(UPDATED, 2017-09-09, 12:38 EDT)
An exercise in the appreciation of ensemble models. By the way, many of these charts were obtained courtesy of my subscription at Weather Underground. They are, as far as I know, public domain. Unless otherwise specified, these are United States GFS ensemble members.
Note how the ensemble members converge towards one another as boundary conditions for a forecast become more and more certain. Also note how forecasted tracks distant in time can suddenly diverge from one another when new information is presented.
Update, 2017-09-02, 14:45 EDT
Update, 2017-09-03, 11:31 EDT
robertscribbler has a very thoughtful post on prospects for Hurricane Irma.
The ensemble model projections are looking far from safe.
Update, 2017-09-04, 12:20 EDT
Update, 2017-09-04, 20:08 EDT
Update, 2017-09-05, 23:37 EDT
Oh, oh. A continuity argument might say there’s non-zero probability on trajectories between the principal mass indicated by the white average, and the extreme rightmost ensemble member. The westernmost trajectories look like they are being discounted.
Description of the above: The 12Z September 5, 2017, track forecast by the operational European model for Irma (red line, adjusted by CFAN using a proprietary technique that accounts for storm movement since 12Z), along with the track of the average of the 50 members of the European model ensemble (heavy black line), and the track forecasts from the “high probability cluster” (grey lines)—the four European model ensemble members that have performed best with Irma thus far. Image credit: CFAN.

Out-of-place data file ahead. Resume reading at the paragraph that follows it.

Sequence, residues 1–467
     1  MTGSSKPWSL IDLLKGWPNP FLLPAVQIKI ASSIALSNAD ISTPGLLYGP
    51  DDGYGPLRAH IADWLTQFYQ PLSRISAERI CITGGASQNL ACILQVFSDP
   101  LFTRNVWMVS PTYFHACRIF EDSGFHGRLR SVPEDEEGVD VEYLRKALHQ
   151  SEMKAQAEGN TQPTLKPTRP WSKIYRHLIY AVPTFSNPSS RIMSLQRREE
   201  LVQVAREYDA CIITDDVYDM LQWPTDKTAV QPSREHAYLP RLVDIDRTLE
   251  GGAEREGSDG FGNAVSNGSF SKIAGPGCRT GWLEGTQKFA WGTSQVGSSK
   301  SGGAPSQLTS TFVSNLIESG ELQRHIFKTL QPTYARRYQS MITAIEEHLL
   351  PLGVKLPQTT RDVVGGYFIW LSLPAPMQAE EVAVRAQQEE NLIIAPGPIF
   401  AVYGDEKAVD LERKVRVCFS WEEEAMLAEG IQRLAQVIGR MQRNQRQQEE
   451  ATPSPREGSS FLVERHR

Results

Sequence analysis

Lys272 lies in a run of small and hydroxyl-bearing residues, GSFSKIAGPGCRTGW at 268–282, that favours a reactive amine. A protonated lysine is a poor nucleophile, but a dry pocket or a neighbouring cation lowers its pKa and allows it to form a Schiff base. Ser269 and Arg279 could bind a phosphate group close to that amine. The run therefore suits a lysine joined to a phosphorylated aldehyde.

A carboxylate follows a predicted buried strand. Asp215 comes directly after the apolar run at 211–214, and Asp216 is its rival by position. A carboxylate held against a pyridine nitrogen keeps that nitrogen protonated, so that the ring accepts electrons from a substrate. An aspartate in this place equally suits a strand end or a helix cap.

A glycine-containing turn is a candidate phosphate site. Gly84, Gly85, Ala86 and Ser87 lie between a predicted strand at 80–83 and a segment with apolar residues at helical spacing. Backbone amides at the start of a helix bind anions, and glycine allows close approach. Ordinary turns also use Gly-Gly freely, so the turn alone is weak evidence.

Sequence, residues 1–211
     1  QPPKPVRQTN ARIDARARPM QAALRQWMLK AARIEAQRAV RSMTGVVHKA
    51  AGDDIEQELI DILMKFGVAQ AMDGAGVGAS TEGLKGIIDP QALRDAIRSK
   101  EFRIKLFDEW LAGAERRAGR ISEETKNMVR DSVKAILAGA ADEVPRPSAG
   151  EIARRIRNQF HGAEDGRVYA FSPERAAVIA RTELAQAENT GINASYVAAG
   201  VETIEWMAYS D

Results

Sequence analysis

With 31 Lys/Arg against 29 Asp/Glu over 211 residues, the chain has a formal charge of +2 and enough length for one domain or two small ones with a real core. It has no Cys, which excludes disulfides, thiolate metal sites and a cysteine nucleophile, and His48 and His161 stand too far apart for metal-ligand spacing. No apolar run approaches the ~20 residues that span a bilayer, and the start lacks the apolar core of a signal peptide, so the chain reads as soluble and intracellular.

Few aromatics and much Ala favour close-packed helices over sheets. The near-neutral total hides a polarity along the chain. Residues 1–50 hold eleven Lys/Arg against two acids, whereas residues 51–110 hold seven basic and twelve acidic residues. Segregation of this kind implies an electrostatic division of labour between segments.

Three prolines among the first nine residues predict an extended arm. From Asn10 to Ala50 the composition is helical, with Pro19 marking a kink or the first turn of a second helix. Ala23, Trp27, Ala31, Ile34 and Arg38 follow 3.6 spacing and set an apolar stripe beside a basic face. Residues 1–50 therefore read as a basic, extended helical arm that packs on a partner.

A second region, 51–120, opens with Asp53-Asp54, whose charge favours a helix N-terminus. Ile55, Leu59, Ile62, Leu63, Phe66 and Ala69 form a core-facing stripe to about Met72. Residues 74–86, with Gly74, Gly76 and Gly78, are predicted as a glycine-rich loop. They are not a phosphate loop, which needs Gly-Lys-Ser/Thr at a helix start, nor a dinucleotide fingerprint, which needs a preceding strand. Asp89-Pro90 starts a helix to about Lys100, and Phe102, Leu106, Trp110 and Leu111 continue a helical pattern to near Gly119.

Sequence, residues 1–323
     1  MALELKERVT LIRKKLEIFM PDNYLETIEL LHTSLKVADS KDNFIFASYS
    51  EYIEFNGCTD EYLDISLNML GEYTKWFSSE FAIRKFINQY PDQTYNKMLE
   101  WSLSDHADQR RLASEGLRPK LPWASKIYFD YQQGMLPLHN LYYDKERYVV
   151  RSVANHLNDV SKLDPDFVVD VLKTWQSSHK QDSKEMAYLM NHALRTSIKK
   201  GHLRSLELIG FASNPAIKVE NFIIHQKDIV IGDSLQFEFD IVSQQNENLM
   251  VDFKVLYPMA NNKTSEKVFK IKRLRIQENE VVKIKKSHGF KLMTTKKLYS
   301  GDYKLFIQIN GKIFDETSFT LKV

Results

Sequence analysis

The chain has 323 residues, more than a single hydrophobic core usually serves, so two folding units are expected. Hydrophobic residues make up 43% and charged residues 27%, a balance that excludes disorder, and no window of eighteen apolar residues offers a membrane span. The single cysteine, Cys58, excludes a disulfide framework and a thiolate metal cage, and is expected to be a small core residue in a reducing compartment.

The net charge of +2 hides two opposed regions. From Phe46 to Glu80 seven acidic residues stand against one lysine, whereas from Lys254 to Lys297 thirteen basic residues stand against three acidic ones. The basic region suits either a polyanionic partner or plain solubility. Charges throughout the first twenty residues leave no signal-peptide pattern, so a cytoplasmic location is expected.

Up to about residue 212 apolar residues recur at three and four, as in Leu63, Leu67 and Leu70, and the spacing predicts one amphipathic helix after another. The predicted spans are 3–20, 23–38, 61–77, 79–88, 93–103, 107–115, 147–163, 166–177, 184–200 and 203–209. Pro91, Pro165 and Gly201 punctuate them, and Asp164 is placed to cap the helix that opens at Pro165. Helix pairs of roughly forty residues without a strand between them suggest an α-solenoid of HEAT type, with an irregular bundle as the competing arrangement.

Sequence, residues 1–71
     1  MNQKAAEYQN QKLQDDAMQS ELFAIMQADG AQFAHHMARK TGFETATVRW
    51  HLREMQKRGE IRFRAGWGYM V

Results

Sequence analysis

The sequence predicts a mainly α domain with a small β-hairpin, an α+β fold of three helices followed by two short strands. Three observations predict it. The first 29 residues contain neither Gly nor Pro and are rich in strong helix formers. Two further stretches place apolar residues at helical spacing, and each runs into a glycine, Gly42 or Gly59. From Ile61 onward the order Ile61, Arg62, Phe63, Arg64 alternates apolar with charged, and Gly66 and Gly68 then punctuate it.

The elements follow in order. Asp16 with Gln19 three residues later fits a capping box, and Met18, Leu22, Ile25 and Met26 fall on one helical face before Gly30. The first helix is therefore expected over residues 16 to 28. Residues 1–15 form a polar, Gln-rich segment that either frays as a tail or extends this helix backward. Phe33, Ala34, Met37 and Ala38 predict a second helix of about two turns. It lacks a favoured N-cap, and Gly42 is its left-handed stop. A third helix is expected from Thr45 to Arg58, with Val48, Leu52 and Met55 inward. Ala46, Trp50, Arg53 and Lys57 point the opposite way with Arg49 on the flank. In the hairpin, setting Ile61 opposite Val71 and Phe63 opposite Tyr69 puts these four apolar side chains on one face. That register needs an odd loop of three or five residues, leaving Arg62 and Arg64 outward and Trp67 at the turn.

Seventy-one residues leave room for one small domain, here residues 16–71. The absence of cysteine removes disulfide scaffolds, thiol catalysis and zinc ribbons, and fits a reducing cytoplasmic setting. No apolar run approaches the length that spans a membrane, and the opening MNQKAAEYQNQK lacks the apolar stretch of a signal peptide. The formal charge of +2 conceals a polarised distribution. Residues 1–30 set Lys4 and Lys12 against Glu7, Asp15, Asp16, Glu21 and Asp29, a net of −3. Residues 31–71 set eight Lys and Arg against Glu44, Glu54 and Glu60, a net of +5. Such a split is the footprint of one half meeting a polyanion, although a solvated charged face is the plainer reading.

Update, 2017-09-06, 10:39 EDT
Update, 2017-09-06, 12:25 EDT
Update, 2017-09-06, 17:21 EDT
Storm surge! Northeast coast of Florida, and Georgia.
Hereinafter, ensemble model plots will just be appended, without a heading just like the above. The date of the ensemble graphic can be noted in their upper left hand corner.
Here is the most recent ensemble from ECMWF rather than GFS, courtesy of Weathernerds.org (*):
Two things are interesting about the ECMWF Hurricane Irma ensembles in contrast with the GFS ensembles:
- The ECMWF ensemble lines are more symmetric about its median or spine, especially early in the projections.
- The far-field projections, in the more distant future, continue that pattern of symmetry, whereas GFS ensemble members seem to “go crazy”, each in their own way.
This suggests to me two possibilities. First, it’s possible that the ECMWF ensemble set also would, in principle, behave like the GFS ensemble, but are being actively regularized. Or, second, GFS has many special cases, and asymmetries and far-field divergences are due to where these special case differences begin to dominate in contrast with the ECMWF which seems to be structurally more uniform, differing in degrees. I do not know which of these two explanations makes better sense or, if, there might be a third. And note that ECMWF ensemble does have a member where the hypothetical future Irma heads out far into the Atlantic in contrast with other members.
Alas, the constraints have not improved much:
Finally, a solid west coast of Florida preference on the track:
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It’s interesting that this update from the GFS ensemble shows the density bifurcating into an along-the-west-coast-of-Florida run and down the middle of the Florida panhandle:
(*) I’d like to support Weathernerds.org with a cash donation, but they don’t seem to have a link on their page for doing that. Also, their server seems (understandably) loaded right now.